Hatsune Miku is a singing synthesizer application with a female persona, developed by Crypton Future Media. It uses Yamaha Corporation's Vocaloid 2 synthesizing technology. The name of the character comes from a fusion of the Japanese for first (初 hatsu?), sound (音 ne?) and future (Miku (ミク?) sounds like a nanori reading of future, 未来, normally read as "mirai"), referring to her position as the first of Crypton's "Character Vocal Series". She was the second Vocaloid to be sold using the Vocaloid 2 engine and the first Japanese Vocaloid to use the Japanese version of the Vocaloid 2 engine. Her voice is sampled from Japanese voice actress, Saki Fujita. Hatsune Miku has performed at her concerts onstage as a projection.
Though developed by Yamaha, the marketing of each Vocaloid is left to the respective studios. Yamaha themselves do maintain a degree of promotional efforts in the actual Vocaloid software, as seen when the humanoid robot model HRP-4C was set up to react to three Vocaloids—Hatsune Miku, Megpoid and Crypton's noncommercial Vocaloid software "CV-4Cβ"—as part of promotions for both Yamaha and HRP-4C at CEATEC in 2009. Japanese magazines such as DTM magazine are responsible for the promotion and introduction for many of the Japanese Vocaloids to Japanese Vocaloid fans. It has featured Vocaloids such as Miku, Kagamine Rin and Len, and Megurine Luka, printing some of the sketches by artist Kei and reporting the latest news on the Vocaloids.
Crypton has been involved with the marketing of their Character Vocal Series, particularly Hatsune Miku, which has been actively involved in the GT300 class of the Super GT since 2008 with the support of Good Smile Racing (a branch of Good Smile Company, mainly in charge of car-related products, especially itasha (cars featuring illustrations of anime-styled characters) stickers. Although Good Smile Company was not the first to bring the anime and manga culture to Super GT, it departs from others by featuring itasha directly rather than colorings onto vehicles.
The initial sales of Hatsune Miku were so high that Crypton could not keep up with the demand. In the first 12 days of sale, nearly 3,000 sales reservations were made. This was around one sale in 250 in the music software industry, quoted as "an impossible number" by Wataru Sasaki—the person in charge of the planning and production company 'surprise'. Amazon.co.jp stated on September 12, 2007 that they had sales of Hatsune Miku totaling 57,500,000 yen, making her the number one selling software of that time.
On April 30, 2010, an updated version of Miku called Hatsune Miku Append was released containing a package of six different tones of Miku's voice: Soft (gentle, delicate voice), Sweet (young, chibi voice), Dark (mature, heartbroken-like voice), Vivid (bright, cheerful voice), Solid (loud, clear voice), and Light (innocent, heavenly voice). Miku Append was created to expand Miku's voice library and as such requires the original Miku Hatsune program to be installed on the user's computer first. This was the first time a Vocaloid had such a release, and more Append versions were reported from Crypton Future Media at later dates.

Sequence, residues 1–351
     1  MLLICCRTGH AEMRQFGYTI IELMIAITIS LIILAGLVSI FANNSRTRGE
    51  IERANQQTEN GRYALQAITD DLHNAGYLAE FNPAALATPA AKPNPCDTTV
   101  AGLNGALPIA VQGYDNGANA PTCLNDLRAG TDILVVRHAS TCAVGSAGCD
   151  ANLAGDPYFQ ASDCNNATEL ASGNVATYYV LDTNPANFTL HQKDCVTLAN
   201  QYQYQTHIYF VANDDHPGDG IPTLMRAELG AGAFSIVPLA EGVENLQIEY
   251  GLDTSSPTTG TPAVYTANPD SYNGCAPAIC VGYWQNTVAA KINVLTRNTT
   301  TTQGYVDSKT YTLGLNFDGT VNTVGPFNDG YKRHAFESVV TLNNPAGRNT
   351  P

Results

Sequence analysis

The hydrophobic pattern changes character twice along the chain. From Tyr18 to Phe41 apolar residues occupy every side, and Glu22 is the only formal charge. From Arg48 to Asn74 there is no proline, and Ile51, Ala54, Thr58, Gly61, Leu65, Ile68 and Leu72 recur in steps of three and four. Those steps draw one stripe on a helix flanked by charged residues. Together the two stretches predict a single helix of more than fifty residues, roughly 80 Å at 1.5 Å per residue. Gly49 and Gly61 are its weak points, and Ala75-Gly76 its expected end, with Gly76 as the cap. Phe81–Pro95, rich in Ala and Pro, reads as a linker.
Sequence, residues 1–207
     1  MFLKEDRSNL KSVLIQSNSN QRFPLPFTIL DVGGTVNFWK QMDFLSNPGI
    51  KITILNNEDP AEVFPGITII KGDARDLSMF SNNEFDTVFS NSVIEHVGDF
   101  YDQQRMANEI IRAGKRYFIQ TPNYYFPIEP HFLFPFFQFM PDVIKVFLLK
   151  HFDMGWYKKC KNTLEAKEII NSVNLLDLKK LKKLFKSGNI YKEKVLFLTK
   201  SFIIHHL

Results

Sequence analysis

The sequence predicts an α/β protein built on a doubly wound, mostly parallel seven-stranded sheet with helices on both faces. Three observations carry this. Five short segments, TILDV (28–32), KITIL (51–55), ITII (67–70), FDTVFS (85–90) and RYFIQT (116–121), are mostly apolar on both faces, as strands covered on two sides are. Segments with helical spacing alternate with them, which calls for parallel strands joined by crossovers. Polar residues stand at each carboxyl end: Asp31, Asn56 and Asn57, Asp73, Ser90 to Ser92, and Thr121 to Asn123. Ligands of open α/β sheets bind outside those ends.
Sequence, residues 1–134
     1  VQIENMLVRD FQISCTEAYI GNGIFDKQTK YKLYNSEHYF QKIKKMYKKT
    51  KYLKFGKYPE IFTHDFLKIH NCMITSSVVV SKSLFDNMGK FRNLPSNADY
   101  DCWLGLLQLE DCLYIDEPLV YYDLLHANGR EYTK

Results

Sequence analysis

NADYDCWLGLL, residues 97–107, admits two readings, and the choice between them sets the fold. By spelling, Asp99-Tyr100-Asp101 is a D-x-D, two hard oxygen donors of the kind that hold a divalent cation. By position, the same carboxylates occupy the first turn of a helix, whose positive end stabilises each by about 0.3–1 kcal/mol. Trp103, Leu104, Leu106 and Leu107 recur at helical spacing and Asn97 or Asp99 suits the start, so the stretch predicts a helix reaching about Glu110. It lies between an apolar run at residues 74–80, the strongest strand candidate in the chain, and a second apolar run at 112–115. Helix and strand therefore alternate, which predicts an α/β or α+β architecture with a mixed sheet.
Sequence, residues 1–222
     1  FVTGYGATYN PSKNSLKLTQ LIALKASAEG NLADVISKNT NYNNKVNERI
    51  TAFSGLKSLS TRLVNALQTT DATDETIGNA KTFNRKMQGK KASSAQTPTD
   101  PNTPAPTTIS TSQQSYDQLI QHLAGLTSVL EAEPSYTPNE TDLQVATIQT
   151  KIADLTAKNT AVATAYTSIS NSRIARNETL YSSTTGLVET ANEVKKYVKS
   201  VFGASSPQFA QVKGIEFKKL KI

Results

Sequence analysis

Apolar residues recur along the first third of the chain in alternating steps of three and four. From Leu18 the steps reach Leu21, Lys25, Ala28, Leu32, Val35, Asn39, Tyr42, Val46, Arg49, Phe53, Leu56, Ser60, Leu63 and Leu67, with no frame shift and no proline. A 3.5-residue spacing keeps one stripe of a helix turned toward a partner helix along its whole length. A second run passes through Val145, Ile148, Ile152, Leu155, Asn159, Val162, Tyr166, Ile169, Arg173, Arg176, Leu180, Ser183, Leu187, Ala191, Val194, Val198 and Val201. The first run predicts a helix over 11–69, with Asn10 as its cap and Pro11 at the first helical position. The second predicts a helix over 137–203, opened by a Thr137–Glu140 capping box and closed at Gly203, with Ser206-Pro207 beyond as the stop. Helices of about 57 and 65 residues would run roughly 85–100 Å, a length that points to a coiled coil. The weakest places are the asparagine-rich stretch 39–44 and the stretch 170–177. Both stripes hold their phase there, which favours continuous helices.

To aid in the production of 3D animations, the program MikuMikuDance was developed as an independent program. The freeware software allowed a boom in fan-made and derivative characters to be developed, as well as acted as a boost for the promoting of the Vocaloid songs themselves. Another Vocaloid tool that was developed was VocaListener, a software package that allows for realistic Vocaloid songs to be produced.
During Miku's development Crypton Future Media decided to take a different approach to that used by the other Vocaloid sound bank publishers. It was decided that to make the product successful not only would a highly appealing voice need to be developed but that voice needed an image. In this way the target focus for Crypton's Vocaloids changed from high end music studios to the general public, specifically teenagers. The task of coming up with Miku's image went to the manga artist Kei Garō. When Kei designed Miku, his only direction was that she was an android and what her color scheme (based on Yamaha's synthesizer's signature cyan color) was. The design on Miku's skirt and boots are based on synthesizer software colors and the bars represent the actual bars within the program's user interface. Miku was originally intended to have a different hairstyle, but Kei stuck to pigtails after trying them out. Crypton then officially created and posted Miku's personal data sheet. However this only contained her 'physical' and technical traits; Crypton did not provide much info in the way of Miku's personality which has allowed song/music video creators and fans to associate the traits that they think suit her best.